Why I hate the Goal Zero Yeti 150. A Damn Real Review

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Last Updated on October 18, 2022 by Manager Access

The Goal Zero Yeti 150 is a heavy, expensive pile of junk. What you call a “portable power station” I call a “not very portable giant ass paperweight”. Sure, it has the USB ports you would expect, and an AC and DC car charger output port. But the USB ports are old USB 2.0 ports, and there is no USB-c or even USB 3.0 higher.

I’ve used the Goal Zero Yeti 150 for the past two weeks on a mostly off-grid camper tour of Oregon.

Goal Zero Yeti 150 vs 200x. I really hate one.

Seriously, do not buy this. I bought one for half price (thanks REI returns!), and I still barely find it worth the $100 I paid for it.

It’s heavy. You will need a real-life Yeti to carry this monster nearly 13lb “portable” power station around for you.

The Goal Zero Yeti 150 portable power station screen is terrible.

There are a dozen better options than Goal Zero 150 now.

Sure, back when this launched, it was cool. Well, it’s nearly 2021 now and buying a lead-acid acid-based portable battery station is insane. Li-Ion is where it’s at.

Do. Not. Buy. The. 150.

I don’t hate Goal Zero. In fact, I like the Goal Zero 200x quite a bit. It’s a massive improvement over the 150. There are still better small power stations out there, but if you really want to stay within Goal Zero, the 200x is where it is at.

Why does Goal Zero 150 suck so bad?

1. The 150 is frigging heavy

It’s 12 lbs! For a small, 167 Wh capacity, the weight is too much. Everything is better now with Li-Ion batteries vs this lead-acid junk.

2. The Yeti 150 screen is worthless.

It has a hard-to-read screen with no backlight. The battery charge meter shows 5 sections of charge, 20, 40, 60, 80, etc. So you can get a rough range of where the charge of the battery is at, but nothing exactly like the % number you get from the 200x.

3. It can’t actually output 100W via AC.

I have a portable freezer, that pulls about 60W max AC. The 150 was unable to power this freezer via AC. It was able to handle via DC 12-volt (cigarette lighter port) power.

4. The Goal Zero Yeti 150 charges slow.

Hooked up to a 100W solar panel, it’s unclear how fast the paperweight is charging. It has a light that says, “Yeah, I’m charging” but you have no idea how many watts it is taking. Sure, most small portable power stations don’t have an input watt meter, but it really leaves you clueless.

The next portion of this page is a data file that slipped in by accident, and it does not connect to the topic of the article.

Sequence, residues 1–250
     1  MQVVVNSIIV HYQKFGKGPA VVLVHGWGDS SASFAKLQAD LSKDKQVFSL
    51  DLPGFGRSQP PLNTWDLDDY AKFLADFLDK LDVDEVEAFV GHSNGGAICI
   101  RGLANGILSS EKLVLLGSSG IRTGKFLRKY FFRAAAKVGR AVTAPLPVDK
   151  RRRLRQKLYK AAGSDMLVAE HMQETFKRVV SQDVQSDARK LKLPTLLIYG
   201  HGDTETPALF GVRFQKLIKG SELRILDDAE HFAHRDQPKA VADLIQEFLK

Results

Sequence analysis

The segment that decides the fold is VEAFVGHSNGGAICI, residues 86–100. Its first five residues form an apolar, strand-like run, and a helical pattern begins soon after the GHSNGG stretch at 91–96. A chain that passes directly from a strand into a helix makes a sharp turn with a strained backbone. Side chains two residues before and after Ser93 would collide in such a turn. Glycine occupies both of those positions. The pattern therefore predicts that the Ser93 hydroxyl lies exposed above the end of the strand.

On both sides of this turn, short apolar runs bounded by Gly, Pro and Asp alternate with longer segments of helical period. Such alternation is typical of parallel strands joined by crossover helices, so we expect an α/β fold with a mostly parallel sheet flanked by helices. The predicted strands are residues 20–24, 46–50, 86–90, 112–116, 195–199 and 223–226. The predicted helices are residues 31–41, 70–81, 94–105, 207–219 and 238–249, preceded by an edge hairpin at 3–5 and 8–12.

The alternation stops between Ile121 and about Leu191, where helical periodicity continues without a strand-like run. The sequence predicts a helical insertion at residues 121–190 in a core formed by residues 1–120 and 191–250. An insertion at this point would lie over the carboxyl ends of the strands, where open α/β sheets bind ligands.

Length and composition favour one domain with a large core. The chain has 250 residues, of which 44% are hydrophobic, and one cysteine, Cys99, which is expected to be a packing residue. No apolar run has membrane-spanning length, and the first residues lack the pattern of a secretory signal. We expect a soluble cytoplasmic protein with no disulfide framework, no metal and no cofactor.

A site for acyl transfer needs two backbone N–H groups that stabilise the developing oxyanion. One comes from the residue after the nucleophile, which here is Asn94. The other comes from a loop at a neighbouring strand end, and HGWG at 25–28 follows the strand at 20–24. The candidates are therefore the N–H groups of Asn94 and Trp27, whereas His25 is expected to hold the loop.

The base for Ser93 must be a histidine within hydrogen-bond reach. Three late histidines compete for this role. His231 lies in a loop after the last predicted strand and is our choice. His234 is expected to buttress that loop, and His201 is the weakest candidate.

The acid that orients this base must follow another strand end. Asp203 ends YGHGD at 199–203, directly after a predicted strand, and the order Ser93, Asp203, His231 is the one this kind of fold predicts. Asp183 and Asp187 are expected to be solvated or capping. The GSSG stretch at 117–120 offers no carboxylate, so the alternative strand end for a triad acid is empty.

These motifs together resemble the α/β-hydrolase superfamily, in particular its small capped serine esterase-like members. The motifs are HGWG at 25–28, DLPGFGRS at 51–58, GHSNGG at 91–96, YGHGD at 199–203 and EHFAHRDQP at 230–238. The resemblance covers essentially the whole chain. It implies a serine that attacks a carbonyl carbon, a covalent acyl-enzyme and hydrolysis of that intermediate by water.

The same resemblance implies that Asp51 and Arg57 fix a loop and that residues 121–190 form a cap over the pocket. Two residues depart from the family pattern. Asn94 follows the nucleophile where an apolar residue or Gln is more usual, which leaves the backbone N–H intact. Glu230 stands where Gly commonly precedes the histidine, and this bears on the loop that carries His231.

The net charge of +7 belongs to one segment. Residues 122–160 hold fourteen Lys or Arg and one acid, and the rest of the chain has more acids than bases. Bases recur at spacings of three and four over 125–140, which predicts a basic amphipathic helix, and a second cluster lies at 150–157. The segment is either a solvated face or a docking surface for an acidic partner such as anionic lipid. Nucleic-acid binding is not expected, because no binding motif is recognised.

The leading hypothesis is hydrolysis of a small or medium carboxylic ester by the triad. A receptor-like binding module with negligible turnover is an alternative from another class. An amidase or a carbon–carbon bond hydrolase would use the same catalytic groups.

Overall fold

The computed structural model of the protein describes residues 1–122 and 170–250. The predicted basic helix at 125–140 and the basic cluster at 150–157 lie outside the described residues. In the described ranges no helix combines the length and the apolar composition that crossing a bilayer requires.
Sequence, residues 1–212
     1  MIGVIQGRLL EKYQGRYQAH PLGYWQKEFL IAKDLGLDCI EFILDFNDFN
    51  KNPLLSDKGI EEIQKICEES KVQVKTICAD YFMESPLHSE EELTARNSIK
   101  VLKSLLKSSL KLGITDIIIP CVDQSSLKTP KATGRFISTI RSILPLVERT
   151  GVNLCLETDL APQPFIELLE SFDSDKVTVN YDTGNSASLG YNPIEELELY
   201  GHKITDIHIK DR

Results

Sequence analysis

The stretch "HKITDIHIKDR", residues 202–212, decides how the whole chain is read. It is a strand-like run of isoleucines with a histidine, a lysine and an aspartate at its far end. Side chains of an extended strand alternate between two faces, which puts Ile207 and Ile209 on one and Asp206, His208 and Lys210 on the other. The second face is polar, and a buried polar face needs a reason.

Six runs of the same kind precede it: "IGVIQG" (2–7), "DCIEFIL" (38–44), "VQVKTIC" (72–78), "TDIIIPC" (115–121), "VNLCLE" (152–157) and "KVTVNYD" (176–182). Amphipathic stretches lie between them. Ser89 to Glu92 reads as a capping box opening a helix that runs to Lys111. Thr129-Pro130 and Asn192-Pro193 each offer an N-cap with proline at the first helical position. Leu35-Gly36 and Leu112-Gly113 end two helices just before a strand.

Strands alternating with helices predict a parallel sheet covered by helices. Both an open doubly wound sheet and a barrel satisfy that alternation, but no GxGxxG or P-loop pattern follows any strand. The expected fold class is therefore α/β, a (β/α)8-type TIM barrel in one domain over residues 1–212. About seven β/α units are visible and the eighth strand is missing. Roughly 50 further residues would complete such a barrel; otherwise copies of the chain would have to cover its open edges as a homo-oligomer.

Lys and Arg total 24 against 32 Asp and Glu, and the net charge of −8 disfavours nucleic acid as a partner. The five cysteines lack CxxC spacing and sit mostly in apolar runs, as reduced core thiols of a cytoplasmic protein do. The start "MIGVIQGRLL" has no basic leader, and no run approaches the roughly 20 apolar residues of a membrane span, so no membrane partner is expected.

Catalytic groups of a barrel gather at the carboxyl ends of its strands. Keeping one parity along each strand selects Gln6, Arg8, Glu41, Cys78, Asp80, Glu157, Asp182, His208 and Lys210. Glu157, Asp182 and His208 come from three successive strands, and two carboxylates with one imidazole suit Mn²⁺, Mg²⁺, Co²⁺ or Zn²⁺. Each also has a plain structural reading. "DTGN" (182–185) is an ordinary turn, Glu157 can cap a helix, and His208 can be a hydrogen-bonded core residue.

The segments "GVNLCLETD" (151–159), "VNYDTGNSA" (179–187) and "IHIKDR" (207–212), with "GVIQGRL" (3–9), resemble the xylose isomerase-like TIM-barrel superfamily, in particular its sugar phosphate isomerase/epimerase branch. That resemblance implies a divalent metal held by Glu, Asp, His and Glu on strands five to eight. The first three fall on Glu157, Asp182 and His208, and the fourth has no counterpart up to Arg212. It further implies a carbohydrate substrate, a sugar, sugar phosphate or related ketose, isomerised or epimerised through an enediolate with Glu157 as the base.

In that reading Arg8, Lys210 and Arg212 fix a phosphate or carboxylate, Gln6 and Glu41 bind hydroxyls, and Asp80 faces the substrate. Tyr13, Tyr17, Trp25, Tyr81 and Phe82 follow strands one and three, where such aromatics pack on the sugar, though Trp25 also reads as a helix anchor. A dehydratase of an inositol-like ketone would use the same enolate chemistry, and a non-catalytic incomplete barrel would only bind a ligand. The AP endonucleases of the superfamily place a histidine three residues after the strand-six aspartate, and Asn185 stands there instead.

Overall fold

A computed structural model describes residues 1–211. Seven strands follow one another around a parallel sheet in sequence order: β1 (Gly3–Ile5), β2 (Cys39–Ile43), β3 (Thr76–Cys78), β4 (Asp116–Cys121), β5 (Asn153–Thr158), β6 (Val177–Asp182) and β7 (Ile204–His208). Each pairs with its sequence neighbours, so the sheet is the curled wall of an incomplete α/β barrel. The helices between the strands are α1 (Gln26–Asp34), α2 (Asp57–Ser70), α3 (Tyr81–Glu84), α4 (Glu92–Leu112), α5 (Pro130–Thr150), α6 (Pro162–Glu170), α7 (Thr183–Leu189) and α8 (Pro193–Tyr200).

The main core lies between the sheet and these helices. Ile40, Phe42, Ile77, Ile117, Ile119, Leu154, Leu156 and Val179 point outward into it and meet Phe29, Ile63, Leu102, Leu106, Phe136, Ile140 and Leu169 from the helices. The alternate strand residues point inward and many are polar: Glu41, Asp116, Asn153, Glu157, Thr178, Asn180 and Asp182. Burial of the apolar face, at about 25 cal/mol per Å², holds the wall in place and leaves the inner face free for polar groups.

It only has a 5 amp input, so you can max charge 60W. The 200x has 10 AMP input and can charge at 120W, twice as fast.

What do I like about the Yeti 150?

If I had to pick something….it’s that the thing feels like a tank. I have dropped it multiple times already, and it does have a solid build to it. And there is something nice about having a piece of equipment you could care less if it breaks. So, there is that. And that it does have 168Wh, more than its 150 name (I’m looking at you 200x with only 187 Wh).

Just buy the Goal Zero Yeti 200x though or the Jackery 160 if you’re really smart.

The Goal Zero Yeti 150 sucks. Buy anything else.

One comment

  1. One big point of the 150: the battery is quick and easy replaceable. I run three of them (and a 400 lead acid, some 200x und one 500x). One of the 150 is about four years old and I replaced this year the battery (in Germany about €40, in US about $45) and it’s like new for the next years. And you can get this batteries all around the world, it’s a standard SLA type.

    I’m a very slender type, a runner, arms like a pencil. And no problems to carry the 150 around. You must eat something to get muscles 😉 The 150 is for a man. Ok, I’m joking. But I’m really a slender runner and yes, the 150 is nor a paper wight, but the handle is well made and it’s easy to carry it.

    If the battery of the lithium Yeti down, you must the whole thing throw away, the battery can’t be replaced.

    Sometimes the old technology is still always good.

    Have a sunny day, keep charged

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